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I made this recipe today that involves making instant pudding with chocolate ice cream instead of milk. It was supposed to come out as a super chocolaty mouse but it tasted a little grainy, like not all the pudding got incorprated. I rarely use box pudding but I was thinking this could be a quick dessert to yank out if needed. Anyway, I was wondering what the best way to knock out the graininess was. Should I add some milk or just use more ice cream?

The original recipe was from serious eats : http://www.seriouseats.com/recipes/2010/08/cakespy-chocolate-ice-cream-pie-recipe.html

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One quick question for an Englishman. What is pudding (in the US-sense you are using it)? We use the word a lot, but it is another (more common) word for dessert, or specifically a hot dessert, particularly one cooked in a basin. –  Orbling Dec 8 '10 at 22:17
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@Orbling, pudding in US parlance is something akin to eggless custard: a milk-based dessert thickened with a starch of some type. In practice, this most often means getting the box of instant pudding & pie filling from the pantry and combining it with cold milk according to the recipe on the box; but you can also buy cook & serve pudding (milk is still the only ingredient you need to add, but you cook it for a short while); or you can make your own using milk, sugar, flavoring, and flour or cornstarch. –  Marti Dec 9 '10 at 0:39
    
@Marti: Cheers for that. Trying to think if we have anything similar, there are various "puddings" of that type, but usually more than just a starch, usually some sort of solid lumps, be it tapioca, semolina, or most commonly short-grain rice. –  Orbling Dec 9 '10 at 2:36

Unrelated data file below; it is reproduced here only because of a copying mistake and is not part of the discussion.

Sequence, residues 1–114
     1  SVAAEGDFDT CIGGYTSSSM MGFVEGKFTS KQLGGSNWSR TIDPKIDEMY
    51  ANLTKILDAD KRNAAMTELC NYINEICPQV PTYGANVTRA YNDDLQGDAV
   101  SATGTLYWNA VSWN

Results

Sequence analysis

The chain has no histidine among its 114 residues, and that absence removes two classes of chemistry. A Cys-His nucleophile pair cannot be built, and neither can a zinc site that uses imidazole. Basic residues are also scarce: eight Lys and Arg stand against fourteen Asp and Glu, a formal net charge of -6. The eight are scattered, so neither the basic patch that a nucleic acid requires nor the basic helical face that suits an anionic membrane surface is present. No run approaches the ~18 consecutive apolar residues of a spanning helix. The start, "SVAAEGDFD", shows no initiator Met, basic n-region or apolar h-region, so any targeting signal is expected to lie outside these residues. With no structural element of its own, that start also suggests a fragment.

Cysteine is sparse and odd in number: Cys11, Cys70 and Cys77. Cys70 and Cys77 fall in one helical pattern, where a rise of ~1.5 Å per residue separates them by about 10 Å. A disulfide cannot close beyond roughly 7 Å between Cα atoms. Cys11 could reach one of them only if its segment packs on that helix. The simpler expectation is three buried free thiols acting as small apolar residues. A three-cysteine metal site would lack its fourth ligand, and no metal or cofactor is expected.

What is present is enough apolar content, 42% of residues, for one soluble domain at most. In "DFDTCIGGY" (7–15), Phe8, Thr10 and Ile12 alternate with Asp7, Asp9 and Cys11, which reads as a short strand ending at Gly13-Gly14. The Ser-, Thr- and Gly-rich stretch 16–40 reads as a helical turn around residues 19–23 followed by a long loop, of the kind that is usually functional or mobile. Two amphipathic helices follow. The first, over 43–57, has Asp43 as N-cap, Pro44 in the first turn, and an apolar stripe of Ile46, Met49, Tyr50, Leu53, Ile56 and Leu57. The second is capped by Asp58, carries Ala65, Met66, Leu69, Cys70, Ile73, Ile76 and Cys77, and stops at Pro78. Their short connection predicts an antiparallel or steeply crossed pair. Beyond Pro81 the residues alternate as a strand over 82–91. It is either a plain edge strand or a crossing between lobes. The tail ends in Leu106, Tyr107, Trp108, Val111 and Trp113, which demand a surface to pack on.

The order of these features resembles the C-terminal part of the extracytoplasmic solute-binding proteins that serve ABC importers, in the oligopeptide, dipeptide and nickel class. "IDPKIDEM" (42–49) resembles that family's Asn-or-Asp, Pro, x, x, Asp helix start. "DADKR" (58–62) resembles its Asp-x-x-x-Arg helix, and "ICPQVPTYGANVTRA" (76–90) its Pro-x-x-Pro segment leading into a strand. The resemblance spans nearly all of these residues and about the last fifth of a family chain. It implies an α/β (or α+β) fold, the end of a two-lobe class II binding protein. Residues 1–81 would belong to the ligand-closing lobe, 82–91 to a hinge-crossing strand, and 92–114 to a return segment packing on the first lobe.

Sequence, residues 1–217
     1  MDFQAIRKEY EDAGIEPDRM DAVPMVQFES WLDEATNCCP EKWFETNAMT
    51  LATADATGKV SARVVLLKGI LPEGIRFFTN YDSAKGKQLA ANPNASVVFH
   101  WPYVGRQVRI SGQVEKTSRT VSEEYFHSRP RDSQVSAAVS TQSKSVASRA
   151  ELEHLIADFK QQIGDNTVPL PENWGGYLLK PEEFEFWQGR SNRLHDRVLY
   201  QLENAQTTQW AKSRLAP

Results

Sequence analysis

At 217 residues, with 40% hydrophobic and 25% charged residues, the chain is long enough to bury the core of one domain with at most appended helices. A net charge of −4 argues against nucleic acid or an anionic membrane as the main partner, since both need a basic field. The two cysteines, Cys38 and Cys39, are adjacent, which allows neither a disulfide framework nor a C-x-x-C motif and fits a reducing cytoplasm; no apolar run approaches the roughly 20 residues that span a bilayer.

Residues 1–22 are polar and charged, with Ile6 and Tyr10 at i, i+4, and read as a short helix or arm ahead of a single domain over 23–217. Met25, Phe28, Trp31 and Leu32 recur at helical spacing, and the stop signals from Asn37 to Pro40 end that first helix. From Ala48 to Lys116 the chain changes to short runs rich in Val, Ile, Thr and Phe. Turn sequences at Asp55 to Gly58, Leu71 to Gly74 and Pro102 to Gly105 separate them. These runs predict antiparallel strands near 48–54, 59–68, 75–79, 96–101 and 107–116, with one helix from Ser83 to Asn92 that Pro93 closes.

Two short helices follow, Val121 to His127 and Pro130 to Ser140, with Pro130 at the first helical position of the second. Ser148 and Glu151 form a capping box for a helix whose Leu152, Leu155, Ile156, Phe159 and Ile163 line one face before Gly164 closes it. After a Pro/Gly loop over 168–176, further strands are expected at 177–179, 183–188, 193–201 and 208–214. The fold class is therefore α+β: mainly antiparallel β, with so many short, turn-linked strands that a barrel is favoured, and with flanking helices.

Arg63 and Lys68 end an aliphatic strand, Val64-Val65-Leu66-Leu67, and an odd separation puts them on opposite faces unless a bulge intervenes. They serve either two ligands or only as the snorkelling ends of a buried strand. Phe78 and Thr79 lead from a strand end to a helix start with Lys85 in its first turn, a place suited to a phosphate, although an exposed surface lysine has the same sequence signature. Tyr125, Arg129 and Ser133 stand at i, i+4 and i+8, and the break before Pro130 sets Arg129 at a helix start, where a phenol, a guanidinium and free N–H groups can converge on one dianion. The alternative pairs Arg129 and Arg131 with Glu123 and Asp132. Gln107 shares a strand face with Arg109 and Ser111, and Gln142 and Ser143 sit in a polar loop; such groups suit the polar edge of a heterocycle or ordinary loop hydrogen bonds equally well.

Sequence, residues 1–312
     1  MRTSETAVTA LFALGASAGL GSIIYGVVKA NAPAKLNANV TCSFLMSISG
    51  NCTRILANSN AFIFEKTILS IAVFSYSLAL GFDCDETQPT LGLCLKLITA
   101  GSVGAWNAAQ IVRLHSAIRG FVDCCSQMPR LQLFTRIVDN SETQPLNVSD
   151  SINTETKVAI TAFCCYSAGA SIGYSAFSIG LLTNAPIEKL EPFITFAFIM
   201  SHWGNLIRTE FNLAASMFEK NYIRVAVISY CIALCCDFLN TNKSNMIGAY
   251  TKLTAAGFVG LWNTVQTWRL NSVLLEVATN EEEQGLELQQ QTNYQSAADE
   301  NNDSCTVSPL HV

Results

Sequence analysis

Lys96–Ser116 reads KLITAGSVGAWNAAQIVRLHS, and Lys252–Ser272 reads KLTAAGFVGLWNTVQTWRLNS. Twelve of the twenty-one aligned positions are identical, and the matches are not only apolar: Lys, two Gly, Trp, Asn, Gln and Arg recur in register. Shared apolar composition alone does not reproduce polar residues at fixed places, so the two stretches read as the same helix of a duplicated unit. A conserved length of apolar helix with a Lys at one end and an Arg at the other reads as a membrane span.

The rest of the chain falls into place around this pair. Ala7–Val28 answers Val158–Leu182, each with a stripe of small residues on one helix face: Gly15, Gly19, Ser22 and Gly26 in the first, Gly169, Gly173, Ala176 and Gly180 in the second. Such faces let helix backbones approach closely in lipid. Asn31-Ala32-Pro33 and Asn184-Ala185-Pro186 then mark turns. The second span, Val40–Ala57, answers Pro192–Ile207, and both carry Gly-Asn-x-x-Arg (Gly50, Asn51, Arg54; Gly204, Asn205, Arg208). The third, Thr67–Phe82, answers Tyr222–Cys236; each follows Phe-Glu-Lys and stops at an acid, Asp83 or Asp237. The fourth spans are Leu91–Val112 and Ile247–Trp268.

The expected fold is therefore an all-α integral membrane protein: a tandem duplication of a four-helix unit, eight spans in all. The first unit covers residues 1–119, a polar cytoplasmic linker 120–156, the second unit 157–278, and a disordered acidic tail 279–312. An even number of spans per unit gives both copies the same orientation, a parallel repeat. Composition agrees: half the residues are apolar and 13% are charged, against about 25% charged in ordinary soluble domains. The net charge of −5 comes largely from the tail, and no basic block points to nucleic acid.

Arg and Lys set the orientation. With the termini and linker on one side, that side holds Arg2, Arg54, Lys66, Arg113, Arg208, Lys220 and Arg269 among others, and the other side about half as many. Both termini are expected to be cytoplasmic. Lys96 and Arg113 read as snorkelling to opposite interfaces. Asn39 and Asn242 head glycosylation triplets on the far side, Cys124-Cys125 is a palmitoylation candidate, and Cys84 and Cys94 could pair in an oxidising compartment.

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1 Answer

up vote 1 down vote accepted

Part of the problem could be the refreezing of the ice cream. You know when you take out ice cream, eat at it for 5 or 10 minutes and then put it back in the freezer...and then the next time you take it out, some of the ice cream is a little icy and bit grainy?

I'm not sure you can solve this if you use the same recipe. Instead, I would recommend using the highest fat chocolate milk you can find instead of using melted chocolate ice cream.

I really doubt the pudding didn't get dissolved completely. If that really was the case, you could heat the mixture before you put it in the pie crust.

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The pie is never refreezing, it's merely going back into the fridge for about two hours. –  sarge_smith Aug 11 '10 at 23:21
    
Ah right. Perhaps heating the mixture in a pot first before putting it in the pie crust. –  Chad Aug 11 '10 at 23:49
    
I found adding a splash of cream and mixing for a little longer fixed the problem. –  sarge_smith Aug 20 '10 at 0:30
    
Glad to hear it worked! –  Chad Aug 20 '10 at 18:03
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